I have a hard time conceptualizing the numbers of people that are suffering in Aleppo. And the various factions and countries and history and strategies and politics involved are, for many of us, difficult to understand.
So I wanted to find a point of connection other than basic humanity. Something more personal than what we see on the news between stories about U.S. politics. And I found Aleppo soap.
Aleppo, in Syria, is one of the oldest continually inhabited cities in the world, possibly for the last 8,000 years. Aleppo was part of the ancient trading route, known as the Silk Road. They also created what is believed to be the first soap ever made. That soap was introduced to Europe in the 11th century when participants in the Crusades brought the soap home with them.
Today, many artisans in Aleppo still use recipes that have been around for centuries. Aleppo soap is, and always has been, natural, organic, biodegradable and locally sourced.
True Aleppo soap is made with olive oil, sodium hydroxide and laurel oil. That’s it. The olive oil moisturizes, while the laurel oil is a cleanser with antibiotic, anti-fungal and anti-itch properties. It’s gentle enough to use on babies, or if you have sensitive skin, and is said to heal many skin issues.
To make Aleppo soap, they boil the olive oil and sodium hydroxide for three days, then add the laurel oil. They pour that green mixture over a factory floor covered with wax paper. As it solidifies, they use a rake-like device and cut the soap into cubes, which are individually stamped with the maker’s mark. Those cubes are then stacked in a subterranean chamber in a way that allows for maximum air exposure. The cubes are allowed to cure for at least six months, although the longer the cubes are cured, the harder and longer-lasting they become.
The green color comes from the laurel oil and you can tell a lot about your particular bar of soap by the color. The amount of laurel oil can vary from 2-40%, with the price of the soap increasing as the percentage rises. The soap changes color as it dries, but that color depends upon the percentage of laurel oil. Less laurel oil makes for a more yellow bar, and a bar that is brown has a higher percentage. In all cases, the inside will still be green because it has not been exposed to the air.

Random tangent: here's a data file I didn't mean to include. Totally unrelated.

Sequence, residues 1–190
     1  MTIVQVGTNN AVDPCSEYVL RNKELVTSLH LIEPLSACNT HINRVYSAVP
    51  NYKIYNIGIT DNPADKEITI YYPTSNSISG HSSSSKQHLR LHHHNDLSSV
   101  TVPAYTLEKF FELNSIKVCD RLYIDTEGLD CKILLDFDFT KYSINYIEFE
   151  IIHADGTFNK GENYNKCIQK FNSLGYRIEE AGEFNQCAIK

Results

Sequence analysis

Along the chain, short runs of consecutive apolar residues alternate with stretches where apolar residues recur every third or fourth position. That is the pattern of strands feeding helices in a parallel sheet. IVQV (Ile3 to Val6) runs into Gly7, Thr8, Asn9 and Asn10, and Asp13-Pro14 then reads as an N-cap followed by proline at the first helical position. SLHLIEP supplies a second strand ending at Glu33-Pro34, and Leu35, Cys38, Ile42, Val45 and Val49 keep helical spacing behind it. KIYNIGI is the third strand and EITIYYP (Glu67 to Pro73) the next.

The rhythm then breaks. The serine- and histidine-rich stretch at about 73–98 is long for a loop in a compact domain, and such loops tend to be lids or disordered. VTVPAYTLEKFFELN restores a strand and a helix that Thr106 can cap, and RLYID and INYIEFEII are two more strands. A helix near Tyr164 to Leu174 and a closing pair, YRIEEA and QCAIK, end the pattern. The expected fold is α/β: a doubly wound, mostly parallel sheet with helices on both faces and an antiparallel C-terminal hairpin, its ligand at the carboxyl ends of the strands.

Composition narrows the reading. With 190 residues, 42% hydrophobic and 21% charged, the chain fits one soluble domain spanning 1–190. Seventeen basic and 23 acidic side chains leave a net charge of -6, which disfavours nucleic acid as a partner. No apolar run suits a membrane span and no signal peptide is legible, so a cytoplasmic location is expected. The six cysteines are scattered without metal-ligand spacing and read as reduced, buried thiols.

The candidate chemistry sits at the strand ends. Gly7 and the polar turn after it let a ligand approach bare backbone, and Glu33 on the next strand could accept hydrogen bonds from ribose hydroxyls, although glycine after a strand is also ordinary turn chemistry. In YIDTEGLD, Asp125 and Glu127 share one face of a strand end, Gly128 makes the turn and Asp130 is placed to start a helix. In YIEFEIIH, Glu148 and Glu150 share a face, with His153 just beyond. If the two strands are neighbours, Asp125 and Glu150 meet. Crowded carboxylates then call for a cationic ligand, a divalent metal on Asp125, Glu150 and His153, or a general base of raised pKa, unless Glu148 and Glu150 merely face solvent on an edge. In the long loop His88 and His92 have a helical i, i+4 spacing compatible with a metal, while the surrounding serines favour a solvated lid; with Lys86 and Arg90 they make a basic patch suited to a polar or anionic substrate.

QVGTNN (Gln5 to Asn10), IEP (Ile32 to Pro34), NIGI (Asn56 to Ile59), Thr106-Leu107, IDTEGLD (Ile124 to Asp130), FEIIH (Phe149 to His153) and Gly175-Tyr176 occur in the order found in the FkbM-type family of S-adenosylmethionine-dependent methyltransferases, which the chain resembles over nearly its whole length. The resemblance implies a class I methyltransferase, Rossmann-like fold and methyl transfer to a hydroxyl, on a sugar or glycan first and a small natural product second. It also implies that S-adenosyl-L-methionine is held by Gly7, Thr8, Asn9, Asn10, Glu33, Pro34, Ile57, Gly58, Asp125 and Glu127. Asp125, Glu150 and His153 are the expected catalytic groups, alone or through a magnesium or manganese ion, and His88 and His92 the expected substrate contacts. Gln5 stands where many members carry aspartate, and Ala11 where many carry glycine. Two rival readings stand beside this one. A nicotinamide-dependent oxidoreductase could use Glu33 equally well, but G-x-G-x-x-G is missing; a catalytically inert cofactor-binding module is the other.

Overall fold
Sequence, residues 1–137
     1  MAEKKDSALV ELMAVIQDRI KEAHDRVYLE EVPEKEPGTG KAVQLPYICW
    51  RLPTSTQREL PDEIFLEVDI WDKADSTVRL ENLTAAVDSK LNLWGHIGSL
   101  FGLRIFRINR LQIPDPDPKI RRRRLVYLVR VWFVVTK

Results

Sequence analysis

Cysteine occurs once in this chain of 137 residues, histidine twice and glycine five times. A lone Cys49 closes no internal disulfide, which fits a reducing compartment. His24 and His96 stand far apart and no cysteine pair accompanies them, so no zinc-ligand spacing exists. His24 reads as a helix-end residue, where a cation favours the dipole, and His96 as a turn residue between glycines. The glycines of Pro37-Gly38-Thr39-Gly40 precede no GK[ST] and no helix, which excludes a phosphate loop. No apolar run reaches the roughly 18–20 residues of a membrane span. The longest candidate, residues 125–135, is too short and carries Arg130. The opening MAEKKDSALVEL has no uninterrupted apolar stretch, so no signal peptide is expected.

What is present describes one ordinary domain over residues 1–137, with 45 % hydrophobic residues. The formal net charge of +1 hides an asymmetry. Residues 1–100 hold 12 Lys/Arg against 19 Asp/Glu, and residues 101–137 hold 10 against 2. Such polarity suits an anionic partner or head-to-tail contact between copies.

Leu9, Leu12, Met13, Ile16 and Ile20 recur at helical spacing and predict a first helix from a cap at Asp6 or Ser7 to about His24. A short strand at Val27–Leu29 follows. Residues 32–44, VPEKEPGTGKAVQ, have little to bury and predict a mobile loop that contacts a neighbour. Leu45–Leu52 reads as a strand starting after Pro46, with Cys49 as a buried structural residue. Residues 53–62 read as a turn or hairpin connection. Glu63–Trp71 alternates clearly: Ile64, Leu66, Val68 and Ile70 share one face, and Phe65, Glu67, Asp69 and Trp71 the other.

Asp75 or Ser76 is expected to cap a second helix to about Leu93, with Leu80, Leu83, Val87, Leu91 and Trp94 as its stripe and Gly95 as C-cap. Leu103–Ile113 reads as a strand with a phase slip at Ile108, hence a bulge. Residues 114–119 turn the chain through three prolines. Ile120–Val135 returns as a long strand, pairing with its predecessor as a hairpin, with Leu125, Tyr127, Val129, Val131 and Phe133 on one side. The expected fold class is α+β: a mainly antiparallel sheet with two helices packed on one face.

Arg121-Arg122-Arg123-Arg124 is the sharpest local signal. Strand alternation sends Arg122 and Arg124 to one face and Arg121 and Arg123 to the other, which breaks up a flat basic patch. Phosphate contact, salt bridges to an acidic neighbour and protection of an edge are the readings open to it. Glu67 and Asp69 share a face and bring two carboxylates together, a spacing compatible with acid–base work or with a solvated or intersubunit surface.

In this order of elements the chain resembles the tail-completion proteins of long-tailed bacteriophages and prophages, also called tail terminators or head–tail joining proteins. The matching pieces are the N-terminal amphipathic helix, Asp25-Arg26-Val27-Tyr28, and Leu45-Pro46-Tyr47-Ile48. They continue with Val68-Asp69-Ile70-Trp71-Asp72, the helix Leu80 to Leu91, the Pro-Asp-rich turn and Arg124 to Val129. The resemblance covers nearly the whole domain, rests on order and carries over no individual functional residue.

Now, after about a thousand years, we may soon see the end of true Aleppo soap. Many of the established soap makers have had to leave Aleppo for their safety. For any that remain, there are other problems. Although the olive groves remain, they don’t always have the labor available to pick the olives and process the oil. They now have to get their laurel oil from Turkey rather than locally. Prices for everything involved in the process have skyrocketed, as have prices for everything involved in basic survival. Stores in Aleppo have closed and many of the distribution routes to export their product have been cut off. Even if the artisans have relocated to Damascus or Beirut, is it still Aleppo soap if it’s not made in Aleppo with the local products?
There is also the problem of fake Aleppo soap. Some people call their product Aleppo soap even though they have added chemicals and have mass produced the soap. If a bar of soap only costs a couple of bucks, it’s probably not real. Also, unlike most soaps, the real stuff floats in water. This lack of standards could sink the industry before Aleppo has a chance to heal and restart their businesses.
You can find articles on the internet that will let you know how you can help the relief efforts in Aleppo. One organization is the Karam Foundation. You can donate money at that site, and it also has a store called Scents of Syria where you can purchase Aleppo soap.
So yes, Syria is a disaster at the moment, and I’m certainly not going to claim to know how to fix it. I just hope that this has helped to personalize the situation for you a little. When you hear about the people of Aleppo, I want you to be able to see them as individuals. Of course they are not all soap artists, but maybe this will help you to realize that they are also not just numbers and statistics.